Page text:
The Sovereign’s Medal is a Canadian award established in 1995 to honour the dedication and commitment of volunteers.

Victorians honoured are:

• Curtis Becker, a 13-year leader with the Juan de Fuca Scouts who is credited with always looking for new ways to help youth become engaged citizens.

• Alexander Muir, who has devoted 35 years to supporting marine safety in Oak Bay and Victoria. Muir has served on boards of both the Canadian Marine Rescue Auxiliary and Oak Bay Sea Rescue Society.

• Ron Rice, a longtime supporter of the British Columbia Association of Native Friendship Centres who is recognized for the help and advice he has always been willing to share with Indigenous communities across the province.

• Steve Smith, a 20-year reserve constable with Saanich Police Department. Smith was the first reserve constable to represent Saanich Police on the Tour de Rock cycling event, raising $15,000 for cancer research.

Habitat gets OK for multi-home development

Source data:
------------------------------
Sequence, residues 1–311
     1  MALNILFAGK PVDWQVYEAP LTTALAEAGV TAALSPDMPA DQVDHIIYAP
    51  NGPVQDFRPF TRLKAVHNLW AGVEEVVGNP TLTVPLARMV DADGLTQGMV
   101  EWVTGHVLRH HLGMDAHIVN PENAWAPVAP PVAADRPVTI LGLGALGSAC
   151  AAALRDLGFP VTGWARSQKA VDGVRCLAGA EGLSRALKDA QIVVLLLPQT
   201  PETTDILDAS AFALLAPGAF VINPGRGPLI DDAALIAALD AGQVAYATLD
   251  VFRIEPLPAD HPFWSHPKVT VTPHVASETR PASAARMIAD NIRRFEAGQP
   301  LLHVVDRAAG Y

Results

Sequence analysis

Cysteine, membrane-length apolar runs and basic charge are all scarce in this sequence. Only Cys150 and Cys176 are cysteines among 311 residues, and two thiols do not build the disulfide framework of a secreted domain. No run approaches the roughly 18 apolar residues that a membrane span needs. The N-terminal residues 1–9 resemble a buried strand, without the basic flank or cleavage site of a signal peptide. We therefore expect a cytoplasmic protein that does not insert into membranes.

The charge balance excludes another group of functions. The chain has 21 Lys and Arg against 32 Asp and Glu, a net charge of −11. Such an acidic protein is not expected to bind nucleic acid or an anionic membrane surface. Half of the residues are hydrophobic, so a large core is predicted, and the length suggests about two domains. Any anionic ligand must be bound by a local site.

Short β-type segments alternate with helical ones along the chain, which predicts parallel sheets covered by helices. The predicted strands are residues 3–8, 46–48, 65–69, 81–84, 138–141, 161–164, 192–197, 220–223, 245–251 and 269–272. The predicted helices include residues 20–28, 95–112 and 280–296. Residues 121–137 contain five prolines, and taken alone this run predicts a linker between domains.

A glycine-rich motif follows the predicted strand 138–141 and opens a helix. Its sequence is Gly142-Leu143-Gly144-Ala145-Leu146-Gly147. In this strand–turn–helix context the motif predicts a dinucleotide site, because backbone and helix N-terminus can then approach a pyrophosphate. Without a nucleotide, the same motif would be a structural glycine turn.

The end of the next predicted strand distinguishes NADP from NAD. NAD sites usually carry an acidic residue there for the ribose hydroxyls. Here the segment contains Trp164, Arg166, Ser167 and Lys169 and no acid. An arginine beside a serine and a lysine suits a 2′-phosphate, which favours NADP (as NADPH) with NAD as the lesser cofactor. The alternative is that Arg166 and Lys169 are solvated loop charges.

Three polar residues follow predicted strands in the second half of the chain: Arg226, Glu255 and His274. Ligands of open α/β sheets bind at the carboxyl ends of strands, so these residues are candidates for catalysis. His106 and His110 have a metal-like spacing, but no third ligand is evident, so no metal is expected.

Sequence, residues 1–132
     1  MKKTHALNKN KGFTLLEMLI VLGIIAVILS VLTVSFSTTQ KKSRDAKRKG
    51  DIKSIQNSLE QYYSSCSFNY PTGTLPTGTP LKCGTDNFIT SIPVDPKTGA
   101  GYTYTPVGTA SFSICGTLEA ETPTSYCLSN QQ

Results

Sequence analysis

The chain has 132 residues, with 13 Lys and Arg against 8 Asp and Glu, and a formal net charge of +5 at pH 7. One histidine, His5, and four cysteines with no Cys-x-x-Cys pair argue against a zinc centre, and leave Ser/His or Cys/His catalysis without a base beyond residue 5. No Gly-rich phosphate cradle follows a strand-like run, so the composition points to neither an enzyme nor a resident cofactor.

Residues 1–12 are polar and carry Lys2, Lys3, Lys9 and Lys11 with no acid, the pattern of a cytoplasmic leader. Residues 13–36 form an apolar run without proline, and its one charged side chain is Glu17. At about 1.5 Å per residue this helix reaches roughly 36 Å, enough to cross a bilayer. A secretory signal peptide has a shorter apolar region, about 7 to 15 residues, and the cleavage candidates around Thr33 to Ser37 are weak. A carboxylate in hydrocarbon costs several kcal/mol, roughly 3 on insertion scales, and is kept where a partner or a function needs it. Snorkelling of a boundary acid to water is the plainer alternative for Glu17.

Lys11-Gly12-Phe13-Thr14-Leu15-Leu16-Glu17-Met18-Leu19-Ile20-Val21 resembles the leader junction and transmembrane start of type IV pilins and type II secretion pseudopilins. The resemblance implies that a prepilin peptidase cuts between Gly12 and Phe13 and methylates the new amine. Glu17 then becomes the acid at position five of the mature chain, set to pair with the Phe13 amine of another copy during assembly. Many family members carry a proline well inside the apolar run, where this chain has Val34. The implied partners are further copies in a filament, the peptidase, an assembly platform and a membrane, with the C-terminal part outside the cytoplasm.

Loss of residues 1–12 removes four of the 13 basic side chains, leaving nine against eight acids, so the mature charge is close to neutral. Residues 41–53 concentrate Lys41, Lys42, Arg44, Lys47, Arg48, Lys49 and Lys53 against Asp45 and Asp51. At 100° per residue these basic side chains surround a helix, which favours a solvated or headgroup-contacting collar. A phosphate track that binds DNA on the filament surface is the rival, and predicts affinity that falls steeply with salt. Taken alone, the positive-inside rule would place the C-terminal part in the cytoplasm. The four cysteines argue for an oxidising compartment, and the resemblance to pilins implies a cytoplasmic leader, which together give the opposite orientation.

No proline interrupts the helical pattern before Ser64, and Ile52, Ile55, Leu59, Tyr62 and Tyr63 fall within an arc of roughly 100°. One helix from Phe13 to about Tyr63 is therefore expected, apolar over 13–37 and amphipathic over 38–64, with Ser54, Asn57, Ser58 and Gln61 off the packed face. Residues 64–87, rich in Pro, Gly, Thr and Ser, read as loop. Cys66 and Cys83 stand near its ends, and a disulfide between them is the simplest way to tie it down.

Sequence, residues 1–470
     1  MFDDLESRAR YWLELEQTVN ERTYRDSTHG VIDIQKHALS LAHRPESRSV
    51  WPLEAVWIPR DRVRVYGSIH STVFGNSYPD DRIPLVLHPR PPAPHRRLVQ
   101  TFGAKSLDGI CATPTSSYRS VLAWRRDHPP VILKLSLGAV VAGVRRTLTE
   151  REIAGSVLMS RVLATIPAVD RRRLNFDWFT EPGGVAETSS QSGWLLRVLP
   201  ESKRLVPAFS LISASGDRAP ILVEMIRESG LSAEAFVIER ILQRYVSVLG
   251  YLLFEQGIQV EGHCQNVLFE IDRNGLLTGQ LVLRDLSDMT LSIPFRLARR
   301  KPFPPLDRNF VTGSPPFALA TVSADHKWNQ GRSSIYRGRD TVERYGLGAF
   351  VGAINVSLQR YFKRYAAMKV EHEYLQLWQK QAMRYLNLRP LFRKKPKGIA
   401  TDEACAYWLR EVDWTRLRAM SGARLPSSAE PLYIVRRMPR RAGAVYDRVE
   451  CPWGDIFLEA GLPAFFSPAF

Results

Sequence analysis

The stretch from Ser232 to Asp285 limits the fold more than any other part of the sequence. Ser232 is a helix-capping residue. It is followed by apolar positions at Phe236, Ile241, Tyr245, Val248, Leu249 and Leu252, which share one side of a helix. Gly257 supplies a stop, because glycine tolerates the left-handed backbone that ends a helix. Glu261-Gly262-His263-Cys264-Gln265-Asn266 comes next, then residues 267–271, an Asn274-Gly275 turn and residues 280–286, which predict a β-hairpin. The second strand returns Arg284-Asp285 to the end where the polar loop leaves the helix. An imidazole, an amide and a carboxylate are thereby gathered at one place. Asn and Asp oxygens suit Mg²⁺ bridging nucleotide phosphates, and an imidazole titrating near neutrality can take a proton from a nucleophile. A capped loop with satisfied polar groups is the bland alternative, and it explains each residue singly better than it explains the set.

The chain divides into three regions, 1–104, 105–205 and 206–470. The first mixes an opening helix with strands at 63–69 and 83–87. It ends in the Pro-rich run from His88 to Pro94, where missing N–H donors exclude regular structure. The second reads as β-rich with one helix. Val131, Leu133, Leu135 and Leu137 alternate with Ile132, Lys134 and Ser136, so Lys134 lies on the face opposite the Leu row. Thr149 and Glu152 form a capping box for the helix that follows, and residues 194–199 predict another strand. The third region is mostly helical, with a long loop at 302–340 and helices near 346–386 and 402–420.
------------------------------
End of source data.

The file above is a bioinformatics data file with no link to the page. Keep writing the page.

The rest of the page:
Working in partnership with a developer has allowed Habitat for Humanity Victoria to turn two lots in North Saanich into the potential for 10 homes.

Yolanda Meijer, executive director of Habitat for Humanity Victoria, said her organization and Reay Developments have received approval from North Saanich to build a total of 27 homes on three lots that formerly held single homes.

Meijer said Reay donated two of the large lots, 2172 and 2166 Bakerview Place, worth $1.2 million, to allow Habitat to build 10 units.

“It’s a significant portion of the build that is going to be affordable housing,” she said.

Meijer said at the public hearing, where the land was being considered for a rezoning, every person who spoke was in favour. Concerns about traffic and parking were raised, but no one spoke against the plan.